I, the Zef Aljman mentioned under 2., can confirm the accuracy of the above information provided by Dymbort. I also came from Modliboschicze to Zaklikow in October and was together the whole time until our transfer to LYSAKOW. We were there together in the stone quarries and then later also in Jenischoff. From Jenischoff I came to Budzin at the end of 1942 or the beginning of 1943, just like Dymbort, and we stayed together there until 1944. Then I was transported to RADOM and from that moment on I never saw Dymbort again during the war.

Source: Zef Aljman's testimony, Schaden an Freiheit, 1956, Landesarchiv Niedersachsen, Nds. 110 W Acc. 14/99 No. 119886


Reichshof, Natzweiler ...

From Jenischow I was sent to ZAL Budzin at the end of 1942, which became a concentration camp in the course of 1943. I stayed there until around May 1944 and was then sent to Reichshof, Plaszow, Wielicka, Flossenbuerg, Natzweiler, Sachsenhausen Watenstedt,  Ravensbrueck, Wehrbellin near Ludwigslust in Mecklenburg. I was liberated in Wehrbellin on May 2, 1945.

"On August 31, 1944, the final transport to arrive in Wesserling brought 465 Jews from Flossenbürg, including 444 of Polish nationality, 9 Soviet, and 11 German Jews. These prisoners had worked for Daimler-Benz as “labor Jews” in the Reichshof (Rzeszów) ghetto and subsequently in Debica and had come to Wesserling by way of Krakau-Plaszow, Wieliczka, Auschwitz, and Flossenbürg. In Wesserling, they were lodged in the so- called Block 3."

Quelle: United States Holocaust Meorial useum,  Encyclopedia of Camps and Ghettos, Volume 1/Part B, S. 1070

In the years 1944 -. 1945 - when I was dragged from one concentration camp to another - I was close to death every day. Exhausted to the extreme, I could think of nothing more than how to stay alive. I can't remember how many times I was beaten up. In the Watenstedt concentration camp I suffered from severe dysentery. When I collapsed while carrying bricks, I was beaten unconscious again.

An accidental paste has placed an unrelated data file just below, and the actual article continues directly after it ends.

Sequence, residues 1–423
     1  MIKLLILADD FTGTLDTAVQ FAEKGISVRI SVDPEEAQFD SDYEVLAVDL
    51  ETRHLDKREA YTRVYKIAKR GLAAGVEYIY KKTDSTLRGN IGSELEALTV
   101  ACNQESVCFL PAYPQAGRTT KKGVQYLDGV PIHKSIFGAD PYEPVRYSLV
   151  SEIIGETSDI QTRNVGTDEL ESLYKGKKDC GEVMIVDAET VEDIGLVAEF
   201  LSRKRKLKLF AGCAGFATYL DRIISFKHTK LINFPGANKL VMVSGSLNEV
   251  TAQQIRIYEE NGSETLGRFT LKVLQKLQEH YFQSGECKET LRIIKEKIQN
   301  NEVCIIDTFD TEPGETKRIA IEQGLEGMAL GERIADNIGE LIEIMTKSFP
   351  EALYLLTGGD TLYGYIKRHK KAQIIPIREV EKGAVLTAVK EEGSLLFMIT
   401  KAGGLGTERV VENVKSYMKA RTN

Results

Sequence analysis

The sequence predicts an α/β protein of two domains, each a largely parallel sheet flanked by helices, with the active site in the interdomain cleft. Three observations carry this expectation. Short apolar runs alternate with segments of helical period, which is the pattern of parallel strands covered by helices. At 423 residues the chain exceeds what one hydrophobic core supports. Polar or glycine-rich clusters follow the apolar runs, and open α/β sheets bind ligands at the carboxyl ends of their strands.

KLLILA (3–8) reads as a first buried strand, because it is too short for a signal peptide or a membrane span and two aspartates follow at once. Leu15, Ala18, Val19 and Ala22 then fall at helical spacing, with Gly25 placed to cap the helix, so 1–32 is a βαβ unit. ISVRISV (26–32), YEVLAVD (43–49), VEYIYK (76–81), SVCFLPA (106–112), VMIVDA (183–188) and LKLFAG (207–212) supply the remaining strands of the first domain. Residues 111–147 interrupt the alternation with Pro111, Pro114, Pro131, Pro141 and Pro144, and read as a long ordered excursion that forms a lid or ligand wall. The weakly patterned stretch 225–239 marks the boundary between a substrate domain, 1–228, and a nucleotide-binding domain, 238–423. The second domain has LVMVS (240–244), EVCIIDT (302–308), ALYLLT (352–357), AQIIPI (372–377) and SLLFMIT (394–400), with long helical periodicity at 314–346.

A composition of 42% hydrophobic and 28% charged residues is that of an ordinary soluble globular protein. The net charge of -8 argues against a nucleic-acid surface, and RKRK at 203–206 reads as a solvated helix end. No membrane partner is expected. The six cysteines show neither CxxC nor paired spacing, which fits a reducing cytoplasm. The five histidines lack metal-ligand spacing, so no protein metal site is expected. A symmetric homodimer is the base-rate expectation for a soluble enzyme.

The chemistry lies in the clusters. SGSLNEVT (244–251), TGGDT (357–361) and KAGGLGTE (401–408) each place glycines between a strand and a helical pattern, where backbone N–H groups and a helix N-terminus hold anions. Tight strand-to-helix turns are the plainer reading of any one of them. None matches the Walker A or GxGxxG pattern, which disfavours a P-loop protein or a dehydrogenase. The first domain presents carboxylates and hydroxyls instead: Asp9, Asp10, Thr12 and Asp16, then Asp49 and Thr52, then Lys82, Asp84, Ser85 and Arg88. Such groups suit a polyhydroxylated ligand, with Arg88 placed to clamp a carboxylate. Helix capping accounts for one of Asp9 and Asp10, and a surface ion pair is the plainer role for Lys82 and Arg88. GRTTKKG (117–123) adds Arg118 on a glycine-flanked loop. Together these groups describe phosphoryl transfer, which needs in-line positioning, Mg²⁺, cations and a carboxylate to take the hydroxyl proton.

Subcamp of the Neuengamme concentration camp
Location Salzgitter-Watenstedt/Leinde
Name Steel works Braunschweig
Area Braunschweig
Opening May 1944
Closing 07.04.1945, "evacuation" to Ravensbrück, Malchow and Wöbbelin
Prisons Average occupancy: 2,000 / number of prisoners on 25.03.1945: 1,654; the majority French
Gender Men
Employment of the prisoners at Stahlwerke Braunschweig
Type of work Grenade production
Comments From July 1944 to the beginning of April 1945, at least 468 prisoners died in the camp
Source: deutschland-ein-denkmal.de
Subcamp of the Neuengamme concentration camp
Location Wöbbelin
Name "Evacuation camp/Reiherhorst"
Area Mecklenburg
Opening 12.02.1945
Closing Liberation by the US army on 02.05.1945
Prisons On 25.03.1945: 648; at the end of April 1945 about 3,000
Gender Men
Assignment of prisoners at  
Type of work Construction of a new satellite camp
Comments Wöbbelin was the "evacuation destination" of several satellite camps. At the end of April, around 100 of the approximately 3,000 prisoners died there every day.</td